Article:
Archive for the ‘poverty’ Category

Somali Pirates: Living The High Life While Neighbors Suffer Extreme Poverty, Government Collapses

December 29, 2008

Despite piracy, seacoasts of Somalia are mired in poverty.  The money paid to pirates in ransom benefits only a few….Any thought you had of “Robin Hood” style pirates helping their fellow countrymen is not supported by the facts….Meanwhile, President Abdullahi Yusuf Ahmed of Somalia has resigned….

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From the Maritime Global Net

A Voice of America journalist has filed reports from Hobyo in the Galmudug region of central Somalia which indicate that ransom money [paid to pirates] is not being diverted directly to Islamic terrorist or rebel groups, despite some media reports to that effect and that the main Islamic militia, Shabab, is clamping down on pirates. Hobyo, which has been a pirate stronghold is now under Shabab’s control. Also, contrary to some reports, Alisha Ryu found that local people did not support the pirates at Hobyo and that virtually none of the ransom money was being used to their improve living conditions or benefit the local community. The growing strength of Islamic groups in the coastal area may, she says, be tied to local anger over piracy and deepening poverty.

Pirates shoot on the deck of the Chinese ship "Zhenhua ... 
Pirates shoot on the deck of the Chinese ship “Zhenhua 4” in the Gulf of Aden December 17, 2008 in this photo released by China’s official Xinhua News Agency.

Ms Ryu also reports that the Shabab Islamic militia which is doing much of the fighting against the central government and is is control of large areas of southern and central Somalia is strongly opposed to piracy. It fought a pitched battle with the pirates who have been operating out of Hobyo on 22 December and took control of the town.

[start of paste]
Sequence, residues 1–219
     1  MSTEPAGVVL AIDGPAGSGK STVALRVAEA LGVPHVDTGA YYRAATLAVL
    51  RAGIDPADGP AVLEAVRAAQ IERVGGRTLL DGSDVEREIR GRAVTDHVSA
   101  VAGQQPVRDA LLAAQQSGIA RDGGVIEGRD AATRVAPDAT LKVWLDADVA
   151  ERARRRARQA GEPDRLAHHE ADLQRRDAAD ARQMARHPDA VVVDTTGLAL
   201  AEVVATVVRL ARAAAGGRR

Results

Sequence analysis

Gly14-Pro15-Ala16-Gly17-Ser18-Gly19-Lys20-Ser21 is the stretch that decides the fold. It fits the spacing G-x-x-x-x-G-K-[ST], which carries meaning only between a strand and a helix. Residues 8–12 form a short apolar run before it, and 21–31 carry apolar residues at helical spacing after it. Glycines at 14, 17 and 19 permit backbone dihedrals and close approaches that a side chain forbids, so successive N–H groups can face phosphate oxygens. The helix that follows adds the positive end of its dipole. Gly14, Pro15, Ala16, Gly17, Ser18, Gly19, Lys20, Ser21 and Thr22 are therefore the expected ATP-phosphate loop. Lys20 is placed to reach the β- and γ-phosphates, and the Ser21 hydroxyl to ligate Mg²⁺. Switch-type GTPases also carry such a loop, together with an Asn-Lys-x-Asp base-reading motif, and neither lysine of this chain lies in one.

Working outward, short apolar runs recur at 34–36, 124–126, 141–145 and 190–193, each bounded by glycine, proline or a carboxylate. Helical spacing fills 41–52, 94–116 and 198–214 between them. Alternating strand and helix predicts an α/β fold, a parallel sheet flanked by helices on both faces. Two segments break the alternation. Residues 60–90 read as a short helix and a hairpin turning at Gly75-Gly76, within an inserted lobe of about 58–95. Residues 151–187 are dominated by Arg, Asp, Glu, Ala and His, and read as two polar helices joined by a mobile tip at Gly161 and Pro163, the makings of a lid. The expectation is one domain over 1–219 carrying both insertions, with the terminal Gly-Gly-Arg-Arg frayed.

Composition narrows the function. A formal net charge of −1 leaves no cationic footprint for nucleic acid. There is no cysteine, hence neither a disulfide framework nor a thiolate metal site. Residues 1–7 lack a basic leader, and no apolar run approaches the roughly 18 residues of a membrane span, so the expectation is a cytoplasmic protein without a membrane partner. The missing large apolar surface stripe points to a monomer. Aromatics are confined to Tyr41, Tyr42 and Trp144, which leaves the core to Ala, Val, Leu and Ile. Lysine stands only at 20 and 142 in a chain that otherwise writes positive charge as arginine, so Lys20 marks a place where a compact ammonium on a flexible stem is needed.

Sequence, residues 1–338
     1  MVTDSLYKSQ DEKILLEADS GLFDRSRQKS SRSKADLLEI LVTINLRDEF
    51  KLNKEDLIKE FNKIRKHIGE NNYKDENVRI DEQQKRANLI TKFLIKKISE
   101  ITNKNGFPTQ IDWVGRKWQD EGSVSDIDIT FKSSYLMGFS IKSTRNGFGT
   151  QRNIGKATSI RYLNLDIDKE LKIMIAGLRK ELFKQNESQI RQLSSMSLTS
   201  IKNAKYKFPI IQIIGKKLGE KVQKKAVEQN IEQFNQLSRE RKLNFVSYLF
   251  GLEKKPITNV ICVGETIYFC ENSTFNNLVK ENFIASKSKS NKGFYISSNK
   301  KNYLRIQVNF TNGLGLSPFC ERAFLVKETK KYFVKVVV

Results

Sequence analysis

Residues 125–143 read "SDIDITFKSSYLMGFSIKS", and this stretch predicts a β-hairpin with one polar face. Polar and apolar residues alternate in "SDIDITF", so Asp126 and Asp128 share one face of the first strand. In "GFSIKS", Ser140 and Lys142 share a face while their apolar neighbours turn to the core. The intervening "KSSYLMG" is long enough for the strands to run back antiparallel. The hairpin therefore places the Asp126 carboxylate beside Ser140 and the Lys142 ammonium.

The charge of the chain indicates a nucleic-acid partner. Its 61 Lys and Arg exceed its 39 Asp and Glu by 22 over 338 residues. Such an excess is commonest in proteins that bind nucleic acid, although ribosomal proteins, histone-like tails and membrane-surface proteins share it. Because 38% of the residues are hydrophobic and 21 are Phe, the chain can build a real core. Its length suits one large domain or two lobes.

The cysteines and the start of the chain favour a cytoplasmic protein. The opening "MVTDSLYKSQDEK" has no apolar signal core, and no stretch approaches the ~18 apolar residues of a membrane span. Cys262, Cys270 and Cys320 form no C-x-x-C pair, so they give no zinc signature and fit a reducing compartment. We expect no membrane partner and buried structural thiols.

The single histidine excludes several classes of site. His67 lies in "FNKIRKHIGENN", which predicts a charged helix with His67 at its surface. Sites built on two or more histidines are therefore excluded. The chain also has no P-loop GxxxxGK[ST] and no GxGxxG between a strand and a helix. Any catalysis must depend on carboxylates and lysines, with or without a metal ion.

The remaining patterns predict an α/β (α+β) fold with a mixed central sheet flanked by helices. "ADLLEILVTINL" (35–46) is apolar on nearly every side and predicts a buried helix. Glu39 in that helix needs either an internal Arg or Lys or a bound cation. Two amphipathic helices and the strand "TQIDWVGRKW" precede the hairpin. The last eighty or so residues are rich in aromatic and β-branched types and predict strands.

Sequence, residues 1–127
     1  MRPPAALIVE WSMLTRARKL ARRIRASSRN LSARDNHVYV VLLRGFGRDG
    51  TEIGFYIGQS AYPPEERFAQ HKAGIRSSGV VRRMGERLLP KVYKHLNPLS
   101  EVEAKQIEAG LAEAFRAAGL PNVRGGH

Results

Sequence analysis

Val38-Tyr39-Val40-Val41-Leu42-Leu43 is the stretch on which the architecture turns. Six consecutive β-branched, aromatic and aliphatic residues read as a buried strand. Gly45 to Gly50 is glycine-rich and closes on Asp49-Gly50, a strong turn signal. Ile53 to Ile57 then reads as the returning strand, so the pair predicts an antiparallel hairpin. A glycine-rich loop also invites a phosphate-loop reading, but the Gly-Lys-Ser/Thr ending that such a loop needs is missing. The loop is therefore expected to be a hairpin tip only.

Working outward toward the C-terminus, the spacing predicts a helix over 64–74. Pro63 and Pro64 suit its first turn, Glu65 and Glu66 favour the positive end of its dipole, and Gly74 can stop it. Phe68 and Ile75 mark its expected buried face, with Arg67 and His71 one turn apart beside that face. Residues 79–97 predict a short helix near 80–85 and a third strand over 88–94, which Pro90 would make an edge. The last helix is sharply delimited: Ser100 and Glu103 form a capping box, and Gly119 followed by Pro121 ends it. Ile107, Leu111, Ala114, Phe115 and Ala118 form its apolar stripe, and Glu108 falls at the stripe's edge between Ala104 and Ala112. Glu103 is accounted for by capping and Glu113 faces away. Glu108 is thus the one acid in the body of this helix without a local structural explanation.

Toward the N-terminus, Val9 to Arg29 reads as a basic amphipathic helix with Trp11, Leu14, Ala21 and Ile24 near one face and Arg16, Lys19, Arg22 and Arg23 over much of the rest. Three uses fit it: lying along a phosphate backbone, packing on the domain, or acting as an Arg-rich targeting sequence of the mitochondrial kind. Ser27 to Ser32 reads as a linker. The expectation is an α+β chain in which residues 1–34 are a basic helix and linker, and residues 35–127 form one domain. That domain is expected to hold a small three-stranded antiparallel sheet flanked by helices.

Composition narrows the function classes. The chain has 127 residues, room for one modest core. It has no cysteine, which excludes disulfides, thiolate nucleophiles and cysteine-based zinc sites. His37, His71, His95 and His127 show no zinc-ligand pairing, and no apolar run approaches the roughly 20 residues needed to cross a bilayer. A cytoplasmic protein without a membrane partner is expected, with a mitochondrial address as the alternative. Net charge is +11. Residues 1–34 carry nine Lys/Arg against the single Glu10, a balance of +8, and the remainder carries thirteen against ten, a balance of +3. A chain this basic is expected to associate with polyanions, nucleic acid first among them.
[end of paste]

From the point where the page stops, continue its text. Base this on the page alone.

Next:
The VOA reporter quotes a pirate as saying that all pirates in central Somalia are under severe pressure from Islamists to disband. He says that, in recent months, pirates trying to go ashore in any area controlled by the Islamists have been threatened and chased away. She says that Somali sources tell VOA that the Islamists’ tough stance against piracy has prompted many poor people in coastal communities to quietly begin supporting the return of Islamist rule.

Ms Ryu notes in one of her reports: “While the loss of Hobyo to the Shabab has dealt a clear blow to piracy, it raises another troubling question, especially for the United States and its western allies. They must now decide which, pirates or militant Islamists, pose a greater threat to global security and economy.”

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Somalia’s transitional president has resigned amid a power struggle with the African nation’s prime minister and parliament, sources told CNN on Monday.

From CNN

Abdullahi Yusuf Ahmed tried to fire his PM this month but later lost a confidence vote.

Abdullahi Yusuf Ahmed tried to fire his PM this month but later lost a confidence vote.

Abdullahi Yusuf Ahmed announced his resignation Monday before parliament in Baidoa.

Ahmed’s resignation is the latest turn in the political crisis in Somalia, which is already struggling with an Islamist revolt, a refugee crisis and rampant lawlessness that has fueled a wave of piracy off the Horn of Africa.

Somalia has been without an effective central government since 1991. The U.N.-backed transitional government has the support of Ethiopian troops that ousted an Islamist government at the end of 2006, but it controls little of the country outside the southwestern city of Baidoa.

Read the rest:
http://www.cnn.com/2008/WORLD/africa
/12/29/somalia.president.resigns/index.html

Somalia Pirates Mark Nation Near Collapse

December 20, 2008

The Bush administration inherited a mess in strategic Somalia and may be leaving President-elect Barack Obama with a worse one.

The explosion of piracy off Somalia’s coast is an attention-grabbing product of internal chaos in the Horn of Africa country, and a problem that will outlast the administration’s success this past week in winning U.N. backing for possible pirate-hunting raids on Somali territory.

“We have a framework in place now to deal with this issue, but it’s not going to be a very easy one,” State Department spokesman Robert Wood said.

By ANNE GEARAN, AP Military Writer